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Research project: Development of a smart Armeo - Dormant - Dormant

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Robotic devices are increasingly being used to increase intensity of training and motivation to exercise in stroke rehabilitation. In this project we are developing a robotic device for hand opening and grasping to be used in conjunction with a commercial upper limb robot – the Armeo spring ( The device will use electrical stimulation open the hand during the performance of virtual reality – computer-based games.

The project involves kinematic research to understand the synergies of reaching and grasping so that the level and timing of ES can be applied in a natural way. Following the development of the device and feasibility testing we will conduct a pilot clinical trial. The project is a collaboration between the University of Southampton, the Manufacturers of the Armeo and the Technical University of Zurich (ETHZ). The project is closely linked with: ‘Hand opening to grasp ‘virtual’ objects during reaching tasks in a rehabilitation robot: a proof of concept study’

The aim of this project is to develop an intelligent Virtual reality training environment to assist recovery of upper limb function following stroke. The environment will combine robot assisted support of shoulder and elbow movements (Armeo) and electrical stimulation (FES) to open the hand during reaching and grasping.

The first stage of the research is to characterize and understand normal and impaired (people with stroke affecting their upper limb movement) kinematics of the shoulder, elbow, wrist and hand in during reaching and grasping in the Armeo. This has been done using Vicon motion analysis combined with position data from the Armeo. Analysis of the data has allowed us to define the temporal and joint angle kinematics which will be used to control the output from the FES stimulator and to measure changes in performance in a sample of stroke patients.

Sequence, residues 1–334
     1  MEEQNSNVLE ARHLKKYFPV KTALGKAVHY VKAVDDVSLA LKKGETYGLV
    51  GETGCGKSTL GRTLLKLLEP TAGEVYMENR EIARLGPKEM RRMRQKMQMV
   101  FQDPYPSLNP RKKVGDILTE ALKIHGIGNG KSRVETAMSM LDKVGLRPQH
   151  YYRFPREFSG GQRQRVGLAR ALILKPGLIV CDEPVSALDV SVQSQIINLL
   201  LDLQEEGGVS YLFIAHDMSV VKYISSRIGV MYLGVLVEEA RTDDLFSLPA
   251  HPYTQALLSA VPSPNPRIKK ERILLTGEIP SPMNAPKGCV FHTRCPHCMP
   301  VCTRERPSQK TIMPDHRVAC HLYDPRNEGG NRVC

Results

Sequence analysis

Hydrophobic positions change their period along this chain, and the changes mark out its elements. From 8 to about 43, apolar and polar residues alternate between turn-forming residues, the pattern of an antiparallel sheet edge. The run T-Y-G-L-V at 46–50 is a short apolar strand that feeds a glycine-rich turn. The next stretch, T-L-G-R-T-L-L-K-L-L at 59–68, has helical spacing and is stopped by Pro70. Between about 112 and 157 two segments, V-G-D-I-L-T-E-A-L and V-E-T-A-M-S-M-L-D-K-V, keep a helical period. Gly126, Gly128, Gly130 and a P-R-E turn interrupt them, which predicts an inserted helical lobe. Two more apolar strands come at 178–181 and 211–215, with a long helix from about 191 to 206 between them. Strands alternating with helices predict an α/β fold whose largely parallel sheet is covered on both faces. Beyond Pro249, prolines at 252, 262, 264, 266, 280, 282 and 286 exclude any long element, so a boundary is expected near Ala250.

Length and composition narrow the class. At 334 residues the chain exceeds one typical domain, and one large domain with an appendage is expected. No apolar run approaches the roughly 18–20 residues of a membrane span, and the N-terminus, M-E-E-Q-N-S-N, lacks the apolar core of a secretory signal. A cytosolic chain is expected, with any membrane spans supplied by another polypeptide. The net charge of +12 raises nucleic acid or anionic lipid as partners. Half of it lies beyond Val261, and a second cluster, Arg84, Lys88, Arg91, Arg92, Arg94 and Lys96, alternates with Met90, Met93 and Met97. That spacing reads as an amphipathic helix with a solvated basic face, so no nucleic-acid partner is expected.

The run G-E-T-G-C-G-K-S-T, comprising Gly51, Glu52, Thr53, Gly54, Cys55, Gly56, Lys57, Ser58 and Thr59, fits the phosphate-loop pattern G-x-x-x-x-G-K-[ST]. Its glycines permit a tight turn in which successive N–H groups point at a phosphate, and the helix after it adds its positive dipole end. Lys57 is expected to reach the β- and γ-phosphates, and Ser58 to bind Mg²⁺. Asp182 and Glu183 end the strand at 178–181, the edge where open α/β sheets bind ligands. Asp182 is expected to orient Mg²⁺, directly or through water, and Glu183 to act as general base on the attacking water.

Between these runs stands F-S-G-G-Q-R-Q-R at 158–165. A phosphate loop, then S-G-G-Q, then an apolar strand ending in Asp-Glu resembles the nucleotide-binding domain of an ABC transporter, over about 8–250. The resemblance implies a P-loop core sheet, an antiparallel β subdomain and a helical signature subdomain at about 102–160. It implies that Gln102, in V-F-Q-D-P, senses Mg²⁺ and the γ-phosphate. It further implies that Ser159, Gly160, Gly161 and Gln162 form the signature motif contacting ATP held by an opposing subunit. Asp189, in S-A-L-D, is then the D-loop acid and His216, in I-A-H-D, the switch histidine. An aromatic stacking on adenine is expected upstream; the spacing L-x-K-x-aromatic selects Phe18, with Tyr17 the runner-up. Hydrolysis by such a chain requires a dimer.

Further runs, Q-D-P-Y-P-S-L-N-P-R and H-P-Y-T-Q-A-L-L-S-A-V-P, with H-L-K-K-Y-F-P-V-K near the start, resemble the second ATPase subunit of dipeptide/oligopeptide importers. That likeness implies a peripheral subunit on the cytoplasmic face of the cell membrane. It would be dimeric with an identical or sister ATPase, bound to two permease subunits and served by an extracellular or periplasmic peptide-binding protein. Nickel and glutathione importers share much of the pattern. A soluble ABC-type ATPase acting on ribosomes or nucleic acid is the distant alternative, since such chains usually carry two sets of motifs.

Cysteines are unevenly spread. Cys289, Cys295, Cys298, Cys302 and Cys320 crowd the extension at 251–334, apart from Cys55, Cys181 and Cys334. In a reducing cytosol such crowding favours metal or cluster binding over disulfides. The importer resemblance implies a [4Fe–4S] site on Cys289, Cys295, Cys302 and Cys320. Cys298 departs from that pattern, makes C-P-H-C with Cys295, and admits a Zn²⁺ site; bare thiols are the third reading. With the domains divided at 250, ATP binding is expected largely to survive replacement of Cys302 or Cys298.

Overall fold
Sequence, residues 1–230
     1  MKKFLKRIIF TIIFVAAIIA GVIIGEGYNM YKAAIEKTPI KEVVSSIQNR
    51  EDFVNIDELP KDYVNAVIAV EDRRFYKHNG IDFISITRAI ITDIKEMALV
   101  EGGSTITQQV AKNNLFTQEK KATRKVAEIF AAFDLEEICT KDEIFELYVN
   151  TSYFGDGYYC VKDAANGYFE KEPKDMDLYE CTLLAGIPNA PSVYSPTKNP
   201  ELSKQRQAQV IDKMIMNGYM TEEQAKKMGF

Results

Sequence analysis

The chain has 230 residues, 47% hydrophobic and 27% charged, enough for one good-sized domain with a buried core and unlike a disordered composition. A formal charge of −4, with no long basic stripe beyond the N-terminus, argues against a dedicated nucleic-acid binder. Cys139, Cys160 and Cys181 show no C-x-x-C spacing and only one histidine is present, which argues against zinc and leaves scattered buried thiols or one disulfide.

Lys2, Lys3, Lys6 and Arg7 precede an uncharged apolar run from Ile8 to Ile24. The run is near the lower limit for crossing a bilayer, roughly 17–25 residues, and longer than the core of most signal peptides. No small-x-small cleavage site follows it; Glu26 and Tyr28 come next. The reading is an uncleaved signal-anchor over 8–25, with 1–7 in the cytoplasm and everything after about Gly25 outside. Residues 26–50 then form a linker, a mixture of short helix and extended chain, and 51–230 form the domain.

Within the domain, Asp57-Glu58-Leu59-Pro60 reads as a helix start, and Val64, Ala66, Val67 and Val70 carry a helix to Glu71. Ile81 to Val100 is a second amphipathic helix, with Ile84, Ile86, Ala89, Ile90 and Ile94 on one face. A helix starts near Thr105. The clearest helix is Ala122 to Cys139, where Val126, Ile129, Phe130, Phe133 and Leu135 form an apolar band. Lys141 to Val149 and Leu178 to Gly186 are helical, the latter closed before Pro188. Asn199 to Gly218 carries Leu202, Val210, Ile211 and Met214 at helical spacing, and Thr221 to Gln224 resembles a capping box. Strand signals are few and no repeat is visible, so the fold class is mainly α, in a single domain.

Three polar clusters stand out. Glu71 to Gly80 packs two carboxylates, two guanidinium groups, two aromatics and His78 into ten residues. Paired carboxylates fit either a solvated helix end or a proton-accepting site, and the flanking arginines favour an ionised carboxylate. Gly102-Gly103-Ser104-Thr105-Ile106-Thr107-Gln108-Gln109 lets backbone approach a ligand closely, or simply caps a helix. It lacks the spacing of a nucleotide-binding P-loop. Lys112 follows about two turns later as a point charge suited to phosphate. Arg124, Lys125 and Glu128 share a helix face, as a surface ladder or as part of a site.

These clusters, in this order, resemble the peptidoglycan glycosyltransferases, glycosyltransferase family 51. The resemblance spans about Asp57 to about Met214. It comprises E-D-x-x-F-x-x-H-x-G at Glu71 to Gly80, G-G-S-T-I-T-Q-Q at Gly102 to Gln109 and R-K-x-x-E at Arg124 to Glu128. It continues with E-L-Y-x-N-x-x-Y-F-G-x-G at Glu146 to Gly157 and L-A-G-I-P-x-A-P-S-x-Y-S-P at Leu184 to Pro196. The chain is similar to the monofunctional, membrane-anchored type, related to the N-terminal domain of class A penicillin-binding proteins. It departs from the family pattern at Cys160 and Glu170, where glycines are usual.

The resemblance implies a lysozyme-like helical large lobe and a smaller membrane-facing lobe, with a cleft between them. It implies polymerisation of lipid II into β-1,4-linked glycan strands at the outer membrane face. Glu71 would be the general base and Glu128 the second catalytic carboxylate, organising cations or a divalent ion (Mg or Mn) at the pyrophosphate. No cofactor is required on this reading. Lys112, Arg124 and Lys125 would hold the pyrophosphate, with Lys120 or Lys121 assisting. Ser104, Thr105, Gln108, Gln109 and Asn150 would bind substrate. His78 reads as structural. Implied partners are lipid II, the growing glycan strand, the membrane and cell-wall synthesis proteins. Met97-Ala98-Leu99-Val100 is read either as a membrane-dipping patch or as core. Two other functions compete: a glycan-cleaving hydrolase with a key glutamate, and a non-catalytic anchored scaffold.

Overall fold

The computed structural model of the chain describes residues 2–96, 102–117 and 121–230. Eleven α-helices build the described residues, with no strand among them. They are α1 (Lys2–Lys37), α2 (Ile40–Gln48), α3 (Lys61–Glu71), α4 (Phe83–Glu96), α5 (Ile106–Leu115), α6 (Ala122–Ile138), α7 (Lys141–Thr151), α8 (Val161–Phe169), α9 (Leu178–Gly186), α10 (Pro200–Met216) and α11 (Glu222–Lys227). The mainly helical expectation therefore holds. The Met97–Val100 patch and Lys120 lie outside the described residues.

This work has also advanced current understanding, not only of the basic kinematics of reach and grasp but also the synergies between joint movements. Future work will examine EMG data acquired concurrently.

Affiliated research groups

Scuola Sant’ Anna Pisa
ETH Zurich

Project team

Prof Jane Burridge, Dr Cheryl Metcalf (Roberts Fellow), Martin Warner (Experimental Officer)

External staff

Prof Silvestro Micera, PhD, Adjunct Assistant Professor, Neuroprosthesis Control Group, Head Institute for Automation, Swiss Federal Institute of Technology Zurich (ETHZ), ETH Zentrum / ETL K 24, Physikstrasse 3 - CH-8092 Zurich, CH AND University Hospital Balgrist, SCI Center Forchstr. 340, CH-8008 Zurich, CH

Project funder

KTI (Swiss Govt funding and Hocoma A/C)*
And Wessex Medical Trust

Associated research themes

Robot therapy
Functional Electrical Stimulation (FES)
Stroke rehabilitation
Recovery of upper limb function following stroke
Kinematics and motion capture and analysis

Related research groups

Active Living and Rehabilitation

Conferences and events associated with this project:

Hill, K., Burridge, J. H., Micera, S. & Metcalf, C. (2011) Kinematics of Unimpaired Reach-Grasp-Release During Robotic Assisted Reaching. International Society of Biomechanics, 33rd Congress. 3-7 July 2011. Brussels. In Press.



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